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Gillis Van

Your Guide to Link Planning

Gillis Van

If you are in a competitive industry such as iGaming, consumer finance, spread betting or property, you will engage in link building. However, there is a high budget required for this task. And how do you plan the use of this high budget to get a good result? This is where link planning comes in.

At 90 Digital we plan links based on competitor analysis to build the optimal link profile for your website. Optimal means optimized for maximum results with less money, while maintaining a natural link profile. In this blog post I will show you how you can plan your own links. 

Besides spending your money more effectively, planning links has other advantages. If you ever had problems with the uncertainty and doubt of your link builder’s result, a link plan can help. By making a link plan you make surely clear what the targets are, specified to the core of links and their quality as specified with a publicly available metric. It will be very easy to see if your link builders can deliver what you need. Finally, you ensure you are building a natural and sustainable link profile by consciously deciding which kind of links you want and which you don’t.

Step 1. Keywords and Pages

Planning your links starts with understanding which pages you want to rank, and which is the major keyword for each page. The idea is that you benchmark the top 10 results for that keywords. These pages are often your product pages. They are optimized for conversion, and thus makes sense to spend money with the aim of increasing organic traffic.

Step 2. Links Per Month

Now that you have the top 10 pages, get backlink data by month from your favorite data provider. You could plot the new links per month in a graph, as shown below, with one line for each website.

Now determine the number of links you should get to compete for this keyword. In the example, I would pick "20" because it is at the top of the pack. You are not standing out, and therefore not risking a penalty.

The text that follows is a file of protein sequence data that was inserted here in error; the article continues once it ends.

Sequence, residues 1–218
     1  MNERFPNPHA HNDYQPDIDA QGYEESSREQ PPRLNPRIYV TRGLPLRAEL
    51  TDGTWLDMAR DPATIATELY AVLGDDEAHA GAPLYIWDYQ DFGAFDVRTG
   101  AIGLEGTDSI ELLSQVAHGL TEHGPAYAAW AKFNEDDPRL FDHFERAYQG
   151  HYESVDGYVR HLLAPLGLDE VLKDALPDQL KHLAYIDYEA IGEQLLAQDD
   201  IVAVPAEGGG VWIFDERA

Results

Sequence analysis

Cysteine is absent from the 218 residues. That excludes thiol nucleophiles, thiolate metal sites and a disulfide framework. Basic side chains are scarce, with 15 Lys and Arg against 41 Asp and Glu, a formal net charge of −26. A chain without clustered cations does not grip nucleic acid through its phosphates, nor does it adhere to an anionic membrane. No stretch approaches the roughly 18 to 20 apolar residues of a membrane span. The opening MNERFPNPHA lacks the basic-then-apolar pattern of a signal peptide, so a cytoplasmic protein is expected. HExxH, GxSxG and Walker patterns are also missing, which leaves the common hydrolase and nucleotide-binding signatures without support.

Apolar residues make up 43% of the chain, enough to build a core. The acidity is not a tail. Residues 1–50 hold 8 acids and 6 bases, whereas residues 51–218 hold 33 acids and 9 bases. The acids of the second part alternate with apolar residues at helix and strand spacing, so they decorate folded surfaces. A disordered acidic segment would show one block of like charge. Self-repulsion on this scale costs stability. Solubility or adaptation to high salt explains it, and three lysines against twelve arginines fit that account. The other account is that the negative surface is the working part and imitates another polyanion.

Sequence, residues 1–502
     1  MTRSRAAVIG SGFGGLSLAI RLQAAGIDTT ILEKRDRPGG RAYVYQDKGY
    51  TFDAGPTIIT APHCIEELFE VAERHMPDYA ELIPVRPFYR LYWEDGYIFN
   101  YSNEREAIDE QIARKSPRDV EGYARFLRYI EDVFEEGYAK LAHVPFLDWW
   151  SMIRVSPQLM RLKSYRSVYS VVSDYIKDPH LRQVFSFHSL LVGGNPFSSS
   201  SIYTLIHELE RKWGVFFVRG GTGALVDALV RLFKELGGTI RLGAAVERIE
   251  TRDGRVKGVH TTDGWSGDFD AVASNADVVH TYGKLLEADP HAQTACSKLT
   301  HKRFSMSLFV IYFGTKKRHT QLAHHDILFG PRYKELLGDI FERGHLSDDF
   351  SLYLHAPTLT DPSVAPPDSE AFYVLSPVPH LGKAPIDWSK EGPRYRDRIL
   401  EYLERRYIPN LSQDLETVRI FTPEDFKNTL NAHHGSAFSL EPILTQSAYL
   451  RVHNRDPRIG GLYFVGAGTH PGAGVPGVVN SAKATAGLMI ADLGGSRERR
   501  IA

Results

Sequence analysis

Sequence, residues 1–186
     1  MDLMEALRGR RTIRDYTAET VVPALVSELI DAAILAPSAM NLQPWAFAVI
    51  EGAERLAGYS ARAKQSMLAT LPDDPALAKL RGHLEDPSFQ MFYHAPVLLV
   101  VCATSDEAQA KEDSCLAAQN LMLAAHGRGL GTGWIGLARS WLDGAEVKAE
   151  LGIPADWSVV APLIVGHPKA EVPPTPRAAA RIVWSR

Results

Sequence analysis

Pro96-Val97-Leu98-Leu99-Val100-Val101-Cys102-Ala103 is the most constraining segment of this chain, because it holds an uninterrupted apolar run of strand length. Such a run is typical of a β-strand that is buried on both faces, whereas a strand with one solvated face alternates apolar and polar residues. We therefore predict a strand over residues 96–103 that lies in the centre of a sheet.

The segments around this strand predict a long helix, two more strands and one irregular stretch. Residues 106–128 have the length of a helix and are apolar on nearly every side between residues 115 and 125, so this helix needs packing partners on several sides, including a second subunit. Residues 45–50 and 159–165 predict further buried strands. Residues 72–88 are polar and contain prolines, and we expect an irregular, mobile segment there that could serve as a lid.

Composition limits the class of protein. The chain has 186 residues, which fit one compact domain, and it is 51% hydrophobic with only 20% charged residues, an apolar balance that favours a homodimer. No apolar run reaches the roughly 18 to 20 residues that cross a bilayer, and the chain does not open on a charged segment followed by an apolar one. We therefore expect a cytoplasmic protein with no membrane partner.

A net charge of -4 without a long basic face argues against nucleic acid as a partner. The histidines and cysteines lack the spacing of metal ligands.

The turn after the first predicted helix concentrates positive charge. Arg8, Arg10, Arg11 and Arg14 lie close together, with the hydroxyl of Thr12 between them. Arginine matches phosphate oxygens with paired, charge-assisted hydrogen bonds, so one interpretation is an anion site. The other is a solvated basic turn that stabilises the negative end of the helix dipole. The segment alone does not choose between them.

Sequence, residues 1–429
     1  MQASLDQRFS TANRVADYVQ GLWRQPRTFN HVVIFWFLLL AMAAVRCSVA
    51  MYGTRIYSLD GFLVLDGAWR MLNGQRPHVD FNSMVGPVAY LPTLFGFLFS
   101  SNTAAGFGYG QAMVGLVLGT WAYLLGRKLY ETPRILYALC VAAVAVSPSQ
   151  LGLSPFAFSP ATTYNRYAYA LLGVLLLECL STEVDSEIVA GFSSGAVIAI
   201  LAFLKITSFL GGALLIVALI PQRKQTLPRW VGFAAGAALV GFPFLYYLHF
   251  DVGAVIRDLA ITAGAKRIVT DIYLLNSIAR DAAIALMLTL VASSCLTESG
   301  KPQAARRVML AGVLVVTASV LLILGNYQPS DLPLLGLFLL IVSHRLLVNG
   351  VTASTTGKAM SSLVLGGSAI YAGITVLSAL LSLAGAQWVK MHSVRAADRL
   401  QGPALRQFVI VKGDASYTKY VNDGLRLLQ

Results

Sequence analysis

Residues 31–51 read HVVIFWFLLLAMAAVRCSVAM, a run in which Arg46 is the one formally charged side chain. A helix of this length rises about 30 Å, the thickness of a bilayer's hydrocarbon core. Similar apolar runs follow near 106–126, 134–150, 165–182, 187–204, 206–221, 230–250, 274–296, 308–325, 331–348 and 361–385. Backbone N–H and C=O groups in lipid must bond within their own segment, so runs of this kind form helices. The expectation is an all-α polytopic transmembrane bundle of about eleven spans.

link plotting

Step 3. Quality Distribution

Now that you know how many links you want, you can figure out which quality you want. Measure quality in your favorite quality metric. For example, PageRank, trust flow, domain authority or Ahrefs score. The point is to make your link profile look similar, yet slightly better than your competitors. Divide your quality scale in buckets, and calculate the distribution of links your competitors have. Copy that distribution, but alter it upwards. Leave out the lowest quality bucket as you like, because chances are they will not contribute to your bottom line. You will now have a link plan that looks like this:

link plan

Step 4. Putting it All Together

Now you can do this for each of your pages. Combine them. You will find that some pages require more links than others. A sign they are more competitive: you will find the ones you know make you the most money are also the ones requiring the most links. Give a link plan like the one below to your link planners and be confident you are getting the best value for money.

link plan

Bonus Step: Anchor Text

If you like to control the anchor text as well, analyze the anchors of your sample of benchmark competitors, and divide them into categories. Instruct your link builders to follow this guideline, or use them to write the actual anchor text for each link in advance. Below is an example. You may want to leave out the exact match links to get optimal results.

anchor text distribution

Conclusion

This is how you can improve your SEO. If your link building budget is large, this could be your biggest quick win. Reducing your link spending by 60% while maintaining your growth in rankings is not unheard of. This could save your company thousands or even millions of dollars (depending on the size of your budget).

There is a host of refinements you can make to this model. For example, you can only include sites with a similar information architecture, include size and authority of the domains that rank, plan additional metrics such as percentage of "no-follow," and more. I outlined the fundamental methodology; I'm interested in any contributions you can make to improve it.

Author bio:

Gillis van den Broeke is Operations Director at 90 Digital. His last article for SEMrush was "Analyze Your SEO Landscape with SEMrush Data."

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